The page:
# Chemistry¶

Classiq chemistry package allows the user to study quantum chemistry problems by defining a desired molecule and using quantum algorithms to solve corresponding problems.

## Introduction and Background¶

Calculating the energies of a molecular Hamiltonian, especially the ground state, allows us to understand the chemical properties of the molecule. Since the molecular Hamiltonian is inherently quantum, quantum computing can be used to calculate such properties efficiently by leveraging the same quantum effects in appropriate quantum algorithms. This is done in four steps:

1. Defining the molecule
2. Calculating the molecular Hamiltonian for the desired molecule.
3. Generating an appropriate variational quantum circuit (ansatz) to calculate the Hamiltonian's ground state.
4. Execute the desired quantum circuit as part of a hybrid quantum-classical algorithm.

The process is described visually in the following diagram.

flowchart LR
classDef default fill:#FFFFFF,stroke:#000000,stroke-width:1px;

A(Molecule Definition) --> B(Generate Hamiltonian);
B --> C(Ansatz Definition);
C --> D(Optimization);

## Generating a Molecular Hamiltonian¶

Given a molecule, we would like to know the full Hamiltonian describing the interactions between all electrons and nuclei. The following is an example of calculating the Hamiltonian of the Hydrogen molecule:

{
"ground_state_problem": {
"molecule": {
"atoms": [["H", [0, 0, 0]], ["H", [0, 0, 0.735]]]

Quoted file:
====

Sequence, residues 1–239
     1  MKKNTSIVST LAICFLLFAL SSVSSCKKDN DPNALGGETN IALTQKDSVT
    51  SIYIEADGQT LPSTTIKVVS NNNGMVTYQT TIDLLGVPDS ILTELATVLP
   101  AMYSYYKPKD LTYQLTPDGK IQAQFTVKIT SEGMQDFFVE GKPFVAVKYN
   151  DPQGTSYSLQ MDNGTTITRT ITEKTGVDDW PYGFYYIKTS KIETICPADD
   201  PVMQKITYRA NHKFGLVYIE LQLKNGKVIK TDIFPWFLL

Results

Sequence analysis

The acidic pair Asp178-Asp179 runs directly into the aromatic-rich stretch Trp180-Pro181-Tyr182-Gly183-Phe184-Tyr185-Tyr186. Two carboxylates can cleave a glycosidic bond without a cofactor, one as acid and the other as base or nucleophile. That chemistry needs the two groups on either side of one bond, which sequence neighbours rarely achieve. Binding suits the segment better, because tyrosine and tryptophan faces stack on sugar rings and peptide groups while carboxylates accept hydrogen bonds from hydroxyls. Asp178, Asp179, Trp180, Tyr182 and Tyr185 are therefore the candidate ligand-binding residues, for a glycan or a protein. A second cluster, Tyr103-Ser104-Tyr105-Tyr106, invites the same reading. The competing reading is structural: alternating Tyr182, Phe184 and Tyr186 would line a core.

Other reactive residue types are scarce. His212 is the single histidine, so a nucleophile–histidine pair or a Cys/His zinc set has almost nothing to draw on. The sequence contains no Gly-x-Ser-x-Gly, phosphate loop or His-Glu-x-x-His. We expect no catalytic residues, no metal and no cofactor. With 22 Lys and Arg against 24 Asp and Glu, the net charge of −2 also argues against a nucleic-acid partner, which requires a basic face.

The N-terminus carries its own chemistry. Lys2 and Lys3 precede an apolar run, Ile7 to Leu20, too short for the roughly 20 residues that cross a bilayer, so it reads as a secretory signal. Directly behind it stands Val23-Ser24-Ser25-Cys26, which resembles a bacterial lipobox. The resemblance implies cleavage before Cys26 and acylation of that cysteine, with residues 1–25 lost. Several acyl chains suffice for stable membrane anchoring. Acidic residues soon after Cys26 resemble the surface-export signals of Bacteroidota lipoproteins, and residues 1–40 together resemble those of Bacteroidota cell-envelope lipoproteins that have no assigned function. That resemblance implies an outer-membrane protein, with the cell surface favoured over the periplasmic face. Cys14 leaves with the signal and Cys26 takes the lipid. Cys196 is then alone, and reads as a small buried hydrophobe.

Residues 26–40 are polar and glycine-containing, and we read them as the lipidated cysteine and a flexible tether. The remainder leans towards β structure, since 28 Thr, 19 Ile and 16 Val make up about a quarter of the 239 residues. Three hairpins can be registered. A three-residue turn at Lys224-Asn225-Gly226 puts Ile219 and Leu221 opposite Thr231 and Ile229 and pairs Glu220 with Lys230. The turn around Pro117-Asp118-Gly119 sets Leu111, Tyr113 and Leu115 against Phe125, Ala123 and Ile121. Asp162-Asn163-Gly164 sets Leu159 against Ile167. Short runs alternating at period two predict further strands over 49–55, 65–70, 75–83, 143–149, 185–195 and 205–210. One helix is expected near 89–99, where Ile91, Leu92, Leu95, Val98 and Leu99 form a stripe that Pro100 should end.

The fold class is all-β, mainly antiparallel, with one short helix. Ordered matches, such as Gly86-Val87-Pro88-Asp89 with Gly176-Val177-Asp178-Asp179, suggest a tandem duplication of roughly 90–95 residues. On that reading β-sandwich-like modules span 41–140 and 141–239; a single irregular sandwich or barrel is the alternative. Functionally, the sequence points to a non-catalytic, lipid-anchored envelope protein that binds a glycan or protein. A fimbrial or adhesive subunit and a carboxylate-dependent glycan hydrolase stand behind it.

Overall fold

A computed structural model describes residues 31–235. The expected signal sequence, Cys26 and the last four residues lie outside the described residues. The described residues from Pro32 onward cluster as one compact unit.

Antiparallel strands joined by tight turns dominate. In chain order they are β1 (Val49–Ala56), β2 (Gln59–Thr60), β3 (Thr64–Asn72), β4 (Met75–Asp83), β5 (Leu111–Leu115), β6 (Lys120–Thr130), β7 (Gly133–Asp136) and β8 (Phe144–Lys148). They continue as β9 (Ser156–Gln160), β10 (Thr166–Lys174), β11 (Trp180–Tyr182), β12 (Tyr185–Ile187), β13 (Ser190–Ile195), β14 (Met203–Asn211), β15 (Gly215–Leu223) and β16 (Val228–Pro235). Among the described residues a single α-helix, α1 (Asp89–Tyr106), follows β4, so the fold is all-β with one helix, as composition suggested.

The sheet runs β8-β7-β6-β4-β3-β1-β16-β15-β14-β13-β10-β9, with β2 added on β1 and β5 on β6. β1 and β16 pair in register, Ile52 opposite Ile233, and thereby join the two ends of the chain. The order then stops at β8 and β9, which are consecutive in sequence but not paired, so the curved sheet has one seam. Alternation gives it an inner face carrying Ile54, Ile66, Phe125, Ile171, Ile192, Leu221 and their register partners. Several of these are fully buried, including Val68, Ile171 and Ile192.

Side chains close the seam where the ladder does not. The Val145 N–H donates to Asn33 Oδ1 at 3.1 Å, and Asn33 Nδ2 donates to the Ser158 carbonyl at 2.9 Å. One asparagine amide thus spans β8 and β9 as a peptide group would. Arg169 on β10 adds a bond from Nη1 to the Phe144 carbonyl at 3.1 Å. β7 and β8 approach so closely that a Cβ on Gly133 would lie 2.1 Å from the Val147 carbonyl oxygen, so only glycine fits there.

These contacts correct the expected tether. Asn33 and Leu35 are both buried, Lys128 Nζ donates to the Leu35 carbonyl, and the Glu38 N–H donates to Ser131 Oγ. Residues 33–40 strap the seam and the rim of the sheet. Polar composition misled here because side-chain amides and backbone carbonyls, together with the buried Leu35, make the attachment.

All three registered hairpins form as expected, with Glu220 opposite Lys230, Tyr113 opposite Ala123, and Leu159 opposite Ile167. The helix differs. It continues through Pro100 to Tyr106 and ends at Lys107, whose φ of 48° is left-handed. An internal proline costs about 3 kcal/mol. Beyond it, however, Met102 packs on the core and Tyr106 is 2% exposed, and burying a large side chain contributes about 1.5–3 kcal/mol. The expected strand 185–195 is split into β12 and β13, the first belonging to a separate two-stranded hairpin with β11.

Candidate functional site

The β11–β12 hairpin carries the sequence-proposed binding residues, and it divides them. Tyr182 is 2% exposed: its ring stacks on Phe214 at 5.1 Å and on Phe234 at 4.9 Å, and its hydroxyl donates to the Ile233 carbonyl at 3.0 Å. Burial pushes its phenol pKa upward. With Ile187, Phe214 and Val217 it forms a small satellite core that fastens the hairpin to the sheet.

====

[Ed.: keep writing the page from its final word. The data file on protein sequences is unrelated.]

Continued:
},
"basis": "sto3g",
"mapping": "jordan_wigner"
}
}

from classiq.interface.chemistry.molecule import Molecule
from classiq.interface.chemistry.ground_state_problem import MoleculeProblem

molecule = Molecule(
atoms=[
("H", (0.0, 0.0, 0.0)),
("H", (0.0, 0.0, 0.735)),
],
)
gs_problem = MoleculeProblem(
molecule=molecule,
basis="sto3g",
mapping="jordan_wigner",
)

hamiltonian = gs_problem.generate_hamiltonian()


In the example above, a Hydrogen molecule is defined by specifying its two Hydrogen atoms and their position in 3D space. The molecule is then used to create a MoleculeProblem, together with the following optional parameters:

• basis (str): the basis set to be used. For supported types see PySCF
• mapping (str): the mapping between the fermionic Hamiltonian and an qubits Hamiltonian. Supported types:
• "jordan_wigner"
• "parity"
• "bravyi_kitaev"
• "fast_bravyi_kitaev"
• freeze_core (bool): remove the "core" orbitals of the atoms defining the molecule.
• two_qubit_reduction (bool): perform two qubit reduction if possible.
• z2_symmetries (bool): preform Z2 symmetries reduction [1]

Finally, the Hamiltonian is generated from the MoleculeProblem.

Generating the Hamiltonian using the textual interface is done by opening the Command Palette (Ctrl+Shift+P / Command+Shift+P on Windows/Mac, respectively) and choosing the "Generate Hamiltonian for a Molecule" command.